Human growth hormone or HGH is a peptide hormone with regenerative and anti-aging properties in the human body. Many seek to increase their natural production of growth hormone with natural supplements that coax the pituitary gland to release more HGH. L-arginine, L-lysine, L-glutamine, GABA, mucuna pruriens and melatonin are commonly used to increase the release of HGH.
The amino acid L-arginine may stimulate replication of the Herpes virus in those who are already infected, which may increase the frequency and severity of outbreaks. In addition, arginine can cause breathing problems, swelling, headaches, low blood pressure, diarrhea, chest pain, nausea and bloating.
Adding L-lysine to L-arginine may help to control Herpes outbreaks. However, lysine can cause higher cholesterol and blood triglycerides with extended use. Other side effects include nausea, cramps, diarrhea and gallstone formation.
GABA, or gamma aminobutyric acid, is generally accepted as safe. Supplementation may cause a mild tingling sensation in and around the face and neck. GABA may also cause a mild change in heart rate and breathing patterns. These side effects are typically short lived and not harmful. GABA also induces a sedative effect.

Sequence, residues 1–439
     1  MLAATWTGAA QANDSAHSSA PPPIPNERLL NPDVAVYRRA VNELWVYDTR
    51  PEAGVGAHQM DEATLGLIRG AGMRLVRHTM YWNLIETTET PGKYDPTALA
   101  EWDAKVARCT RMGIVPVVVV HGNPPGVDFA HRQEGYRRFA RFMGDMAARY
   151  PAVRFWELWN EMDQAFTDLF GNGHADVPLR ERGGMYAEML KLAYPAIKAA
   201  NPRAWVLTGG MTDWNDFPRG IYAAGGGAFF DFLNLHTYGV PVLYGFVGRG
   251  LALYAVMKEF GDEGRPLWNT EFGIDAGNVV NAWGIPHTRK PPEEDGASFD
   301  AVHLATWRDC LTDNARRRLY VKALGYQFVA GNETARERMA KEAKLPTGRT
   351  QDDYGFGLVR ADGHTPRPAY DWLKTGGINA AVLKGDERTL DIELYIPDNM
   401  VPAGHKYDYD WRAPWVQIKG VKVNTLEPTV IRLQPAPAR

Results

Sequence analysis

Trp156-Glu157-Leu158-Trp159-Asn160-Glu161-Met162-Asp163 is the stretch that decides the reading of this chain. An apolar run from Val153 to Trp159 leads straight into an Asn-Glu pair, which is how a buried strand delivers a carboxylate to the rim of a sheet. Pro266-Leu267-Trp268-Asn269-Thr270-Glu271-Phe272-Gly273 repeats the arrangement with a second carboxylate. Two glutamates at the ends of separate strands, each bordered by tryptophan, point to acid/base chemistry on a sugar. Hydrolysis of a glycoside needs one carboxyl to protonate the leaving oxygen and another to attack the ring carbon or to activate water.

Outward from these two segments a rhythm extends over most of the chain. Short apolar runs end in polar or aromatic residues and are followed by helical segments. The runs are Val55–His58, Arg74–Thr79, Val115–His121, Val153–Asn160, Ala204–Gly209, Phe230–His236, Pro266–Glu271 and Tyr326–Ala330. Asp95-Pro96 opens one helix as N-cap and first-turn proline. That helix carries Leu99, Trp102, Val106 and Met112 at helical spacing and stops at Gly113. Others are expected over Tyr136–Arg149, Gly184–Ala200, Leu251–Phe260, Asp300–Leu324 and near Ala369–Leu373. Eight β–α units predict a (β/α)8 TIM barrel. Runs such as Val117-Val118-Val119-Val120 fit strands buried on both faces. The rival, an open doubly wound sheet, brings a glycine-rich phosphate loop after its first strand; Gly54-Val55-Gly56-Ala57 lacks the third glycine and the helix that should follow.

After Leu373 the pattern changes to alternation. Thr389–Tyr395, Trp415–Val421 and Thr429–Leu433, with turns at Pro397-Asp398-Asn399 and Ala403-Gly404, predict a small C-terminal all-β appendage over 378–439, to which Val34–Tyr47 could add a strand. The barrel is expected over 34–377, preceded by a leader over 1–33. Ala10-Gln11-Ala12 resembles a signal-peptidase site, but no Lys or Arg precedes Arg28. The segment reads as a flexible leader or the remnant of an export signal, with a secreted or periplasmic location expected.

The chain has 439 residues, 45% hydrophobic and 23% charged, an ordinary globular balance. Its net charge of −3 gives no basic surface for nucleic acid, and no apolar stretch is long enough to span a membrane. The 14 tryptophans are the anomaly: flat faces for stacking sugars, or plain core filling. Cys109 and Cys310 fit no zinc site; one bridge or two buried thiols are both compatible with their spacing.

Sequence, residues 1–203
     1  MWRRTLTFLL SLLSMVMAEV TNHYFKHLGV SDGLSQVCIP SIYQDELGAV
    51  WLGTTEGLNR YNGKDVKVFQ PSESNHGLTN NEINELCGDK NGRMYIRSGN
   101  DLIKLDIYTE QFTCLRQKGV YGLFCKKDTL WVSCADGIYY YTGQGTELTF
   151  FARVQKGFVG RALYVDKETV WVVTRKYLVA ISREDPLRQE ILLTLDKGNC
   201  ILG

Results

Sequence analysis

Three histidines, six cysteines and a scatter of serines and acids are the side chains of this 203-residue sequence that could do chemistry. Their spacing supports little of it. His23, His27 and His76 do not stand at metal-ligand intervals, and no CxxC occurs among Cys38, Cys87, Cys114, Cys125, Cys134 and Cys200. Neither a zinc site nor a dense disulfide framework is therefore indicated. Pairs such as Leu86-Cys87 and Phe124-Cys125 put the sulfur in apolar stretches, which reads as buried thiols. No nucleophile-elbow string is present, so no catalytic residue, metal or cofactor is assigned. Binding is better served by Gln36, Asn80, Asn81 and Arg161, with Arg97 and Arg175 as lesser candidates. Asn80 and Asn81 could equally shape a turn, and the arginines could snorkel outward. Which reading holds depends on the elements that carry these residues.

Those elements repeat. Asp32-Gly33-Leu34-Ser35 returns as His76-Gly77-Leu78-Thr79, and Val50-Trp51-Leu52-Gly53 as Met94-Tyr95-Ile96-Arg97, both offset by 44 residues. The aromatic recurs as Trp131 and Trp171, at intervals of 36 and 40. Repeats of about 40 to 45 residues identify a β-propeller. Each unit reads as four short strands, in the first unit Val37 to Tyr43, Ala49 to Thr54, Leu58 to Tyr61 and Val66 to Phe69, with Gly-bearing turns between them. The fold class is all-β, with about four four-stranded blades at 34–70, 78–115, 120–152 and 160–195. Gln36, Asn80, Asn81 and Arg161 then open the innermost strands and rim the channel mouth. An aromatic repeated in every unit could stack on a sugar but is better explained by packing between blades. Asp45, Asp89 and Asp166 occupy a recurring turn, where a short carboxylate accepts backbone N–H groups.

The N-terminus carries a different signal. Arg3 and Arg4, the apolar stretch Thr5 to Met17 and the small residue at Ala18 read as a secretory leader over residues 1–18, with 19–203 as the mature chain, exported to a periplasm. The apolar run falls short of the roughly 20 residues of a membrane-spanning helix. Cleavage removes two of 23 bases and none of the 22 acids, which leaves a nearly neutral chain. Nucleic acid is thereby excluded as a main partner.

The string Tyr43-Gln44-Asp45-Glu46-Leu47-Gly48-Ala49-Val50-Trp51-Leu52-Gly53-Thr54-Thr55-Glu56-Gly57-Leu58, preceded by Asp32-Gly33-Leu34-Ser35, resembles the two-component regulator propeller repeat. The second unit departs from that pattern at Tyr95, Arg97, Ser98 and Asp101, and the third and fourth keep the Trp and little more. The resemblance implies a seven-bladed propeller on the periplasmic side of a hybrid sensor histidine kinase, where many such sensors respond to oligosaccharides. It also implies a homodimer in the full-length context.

L-glutamine is another amino acid GH releaser that has shown to be very safe, even in high doses. Side effects are mild and few; glutamine may cause upset stomach, diarrhea and/or bloating. A rare side effect of glutamine use is inducing mania in those with bipolar disorder.
Mucuna pruriens, also known as velvet bean, are naturally high in L-dopa, an important neurotransmitter. Side effects may include decreased blood sugar and increased testosterone. Individuals with hormone imbalance should consult their doctors because mucuna pruriens exhibits some androgenic effects and may inhibit the hormone prolactin. Pregnant women should not use mucuna pruriens because it has been linked to birth defects.
Melatonin is the hormone that governs circadian rhythms or sleep patterns. It is produced by the pineal gland of the brain to prepare the body for sleep. Melatonin supplementation can cause drowsiness, fatigue and depression. Those who suffer from depression should avoid melatonin because it can increase the severity of episodes. Melatonin may also induce asthma attacks in those with preexisting respiratory disease.